This month, Fab Nobs Theatre Inc will bring Bayswater to its feet with the critically acclaimed, TONY “Triple Crown” winning musical, Avenue Q. The show follows protagonist Princeton’s (Timothy Oon) emotionally gruelling transformation from optimistic college graduate into one of the many dysfunctional characters that reside on Avenue Q. In company with his fellow apartment-block residents, he navigates through adult realms, including sexuality, existentialism, and racism, in order to find his purpose in life. With the aid of deliciously frivolous Sesame Street-esque puppetry, and a sardonic edge to the real-life issues which plague us all, the final product is bawdy, hilarious, and most importantly, entertaining.
As you could imagine, both the company and the production team were beyond eager to embark upon the journey of Avenue Q. Musical Director Danny Forward considers each number and scene a highlight, “the book is consistently hilarious and the score is one gem after another.” It also doesn’t hurt that the members of the cast and production team who were asked, confessed their personal affection for Sesame Street. Especially Forward who is “an out and proud Muppet geek from way back!”
Although it is arguably one of the funniest musicals to emerge in recent years, Avenue Q confronts some of the greatest anxieties associated with entering adulthood. The show is quite paradoxical in this respect, in that it uses idealistic and fanciful childhood puppets to explore particularly raw subject matter. This is a paradigm with which Sarah Somers (Christmas Eve) agrees, “For such a light-hearted show, it is surprising that there is such a serious message at the heart of it.” It sends a message which relates greatly to the desire to secure a definitive purpose for ourselves in life, and undergoing personal evolution. “It boils down to knowing who you are and the courage to reveal that to the world…it’s something to which everyone can relate”, elaborates Oon.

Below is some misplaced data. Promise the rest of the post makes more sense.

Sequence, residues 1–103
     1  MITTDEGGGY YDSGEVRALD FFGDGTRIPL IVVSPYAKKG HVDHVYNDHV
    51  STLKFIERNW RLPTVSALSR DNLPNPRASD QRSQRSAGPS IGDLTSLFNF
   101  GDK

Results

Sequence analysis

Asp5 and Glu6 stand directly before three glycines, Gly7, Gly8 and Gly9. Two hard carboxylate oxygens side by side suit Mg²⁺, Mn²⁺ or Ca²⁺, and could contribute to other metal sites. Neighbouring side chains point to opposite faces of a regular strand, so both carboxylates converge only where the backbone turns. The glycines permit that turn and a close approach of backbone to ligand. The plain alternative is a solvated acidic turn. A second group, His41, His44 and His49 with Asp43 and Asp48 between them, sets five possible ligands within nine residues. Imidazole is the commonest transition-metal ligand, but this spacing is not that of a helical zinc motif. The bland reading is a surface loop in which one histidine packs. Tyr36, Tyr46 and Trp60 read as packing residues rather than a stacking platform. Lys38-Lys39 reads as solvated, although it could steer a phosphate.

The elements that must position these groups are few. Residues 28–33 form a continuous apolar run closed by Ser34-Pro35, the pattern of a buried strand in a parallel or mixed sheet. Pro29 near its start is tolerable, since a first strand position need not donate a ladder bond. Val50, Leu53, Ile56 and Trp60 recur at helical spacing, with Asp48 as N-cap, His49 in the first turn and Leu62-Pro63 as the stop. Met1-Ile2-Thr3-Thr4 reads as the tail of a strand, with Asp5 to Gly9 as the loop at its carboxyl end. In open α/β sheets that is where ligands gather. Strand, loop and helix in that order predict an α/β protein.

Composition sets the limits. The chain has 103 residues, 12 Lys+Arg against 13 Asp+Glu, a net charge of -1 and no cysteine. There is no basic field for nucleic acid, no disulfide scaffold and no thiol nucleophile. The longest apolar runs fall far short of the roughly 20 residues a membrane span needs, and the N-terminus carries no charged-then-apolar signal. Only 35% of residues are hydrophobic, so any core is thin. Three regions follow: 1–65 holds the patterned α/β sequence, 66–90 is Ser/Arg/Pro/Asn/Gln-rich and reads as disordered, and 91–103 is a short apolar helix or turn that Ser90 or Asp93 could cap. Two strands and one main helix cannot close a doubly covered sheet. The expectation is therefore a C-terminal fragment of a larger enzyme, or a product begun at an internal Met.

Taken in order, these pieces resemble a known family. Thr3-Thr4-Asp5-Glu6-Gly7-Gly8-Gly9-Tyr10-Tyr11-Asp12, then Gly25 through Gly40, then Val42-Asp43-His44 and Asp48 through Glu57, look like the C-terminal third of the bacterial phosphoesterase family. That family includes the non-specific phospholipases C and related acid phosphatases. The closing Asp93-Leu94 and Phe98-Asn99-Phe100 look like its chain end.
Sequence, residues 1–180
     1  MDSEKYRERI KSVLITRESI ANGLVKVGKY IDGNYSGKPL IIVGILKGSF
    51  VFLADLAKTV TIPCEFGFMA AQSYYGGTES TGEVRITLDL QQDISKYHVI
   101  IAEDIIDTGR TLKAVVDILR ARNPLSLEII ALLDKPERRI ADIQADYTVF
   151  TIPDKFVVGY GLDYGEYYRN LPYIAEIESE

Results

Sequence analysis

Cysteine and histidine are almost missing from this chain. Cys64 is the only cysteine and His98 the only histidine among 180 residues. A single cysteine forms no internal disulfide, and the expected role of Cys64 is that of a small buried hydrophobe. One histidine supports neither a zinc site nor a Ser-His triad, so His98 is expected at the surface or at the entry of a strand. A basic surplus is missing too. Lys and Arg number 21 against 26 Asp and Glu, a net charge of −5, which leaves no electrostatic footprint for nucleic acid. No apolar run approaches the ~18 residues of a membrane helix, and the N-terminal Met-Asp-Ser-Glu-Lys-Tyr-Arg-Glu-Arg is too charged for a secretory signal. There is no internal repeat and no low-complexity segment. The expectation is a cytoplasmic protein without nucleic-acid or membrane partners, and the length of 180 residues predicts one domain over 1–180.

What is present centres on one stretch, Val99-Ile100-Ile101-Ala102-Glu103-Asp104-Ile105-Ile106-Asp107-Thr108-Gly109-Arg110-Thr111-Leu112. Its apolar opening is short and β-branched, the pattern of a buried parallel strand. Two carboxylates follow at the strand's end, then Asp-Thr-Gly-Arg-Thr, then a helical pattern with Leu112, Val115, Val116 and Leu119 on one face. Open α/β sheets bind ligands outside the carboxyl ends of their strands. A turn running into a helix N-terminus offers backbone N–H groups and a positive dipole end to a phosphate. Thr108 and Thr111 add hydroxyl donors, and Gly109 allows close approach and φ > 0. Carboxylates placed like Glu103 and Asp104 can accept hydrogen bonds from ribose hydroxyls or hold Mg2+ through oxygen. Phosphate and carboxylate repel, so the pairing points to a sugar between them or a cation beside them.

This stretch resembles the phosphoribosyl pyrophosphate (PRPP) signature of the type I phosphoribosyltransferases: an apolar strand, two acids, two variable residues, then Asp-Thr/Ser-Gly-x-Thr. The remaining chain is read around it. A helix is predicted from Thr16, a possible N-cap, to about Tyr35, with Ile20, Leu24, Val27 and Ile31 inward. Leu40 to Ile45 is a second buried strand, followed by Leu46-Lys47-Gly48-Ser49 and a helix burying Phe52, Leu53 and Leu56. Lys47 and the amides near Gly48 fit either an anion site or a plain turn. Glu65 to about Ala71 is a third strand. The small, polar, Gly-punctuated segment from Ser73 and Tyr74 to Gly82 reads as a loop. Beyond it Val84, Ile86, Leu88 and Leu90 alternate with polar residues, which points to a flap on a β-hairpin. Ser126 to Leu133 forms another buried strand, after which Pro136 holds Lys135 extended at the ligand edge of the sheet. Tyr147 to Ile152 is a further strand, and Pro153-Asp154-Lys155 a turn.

The production readily tackles the murky and somewhat foreboding depths of what it means to be a grown-up, as well as the aforementioned themes of identity. The portrayal of stark realism has the capacity to pose a performer their greatest challenge, nevertheless Oon and the rest of the cast embraced such trials in their stride. “One advantage [Avenue Q] has is its levity. Having…a bright blue puppet coming out of the closet is far less confronting than angsty teenagers. That said…we’ve constantly had to balance the tension between going for a laugh and keeping the presentation sincere.” Satirising the universal fears which often consume those who experience them, and communicating them in a highly comedic fashion, Jessica Barlow (Kate Monster) considers an extremely positive part of Avenue Q. “People love to laugh about taboo subjects”, she frankly surmises.
The themes present in the production may be intrinsically human, but the characters are evidently far from it. With a cast consisting of only three human characters and eleven puppet characters, mastering puppetry in such a short period of time was a difficult task for all involved. Nadia Gianinotti (Bad Idea Bear) found the process especially challenging, having to attend to ten different puppets throughout the show. She concedes that “working with these puppets has proved to be a lot more challenging than I realised…[but] we have all worked very hard at bringing these puppets to life and making them seem as real as possible.”
Some members of the cast even discovered the need to revise their personal performance styles in order to accommodate the requirements of the puppetry and narrative. “It’s been like learning how to perform all over again – it’s been frustrating…but insanely rewarding and I’ve emerged a better performer”, admits Barlow. The strictly human characters have also contested with having to interact with puppets as if human, according to Ang Cuy (Gary Coleman). “I also have to remind myself sometimes that I'm meant to be performing too – sometimes I get so caught up in enjoying the puppet show!”
One only has to listen to the vast praises and raging passion each individual involved directs towards the upcoming production of Avenue Q to know that it will be an absolute success. “The people, on and off stage, have been the most delightful, hilarious and hard-working you could ask for”, gushes Forward. Undoubtedly, the production will embody the unique and gifted attributes of the team. Audiences can rest assured, says Somers, that “we are all working together to bring you the most fun you can have with your clothes on!”
Fabs Nobs Theatre Inc presents Avenue Q from 16-31 March at the Fab Factory, 33 Industry Place, Bayswater.
To book tickets either go online at http://www.ticketbookings.com.au/events/fabnobs, or phone 0401 018 846.
In the meantime, enjoy some interviews with the lead characters!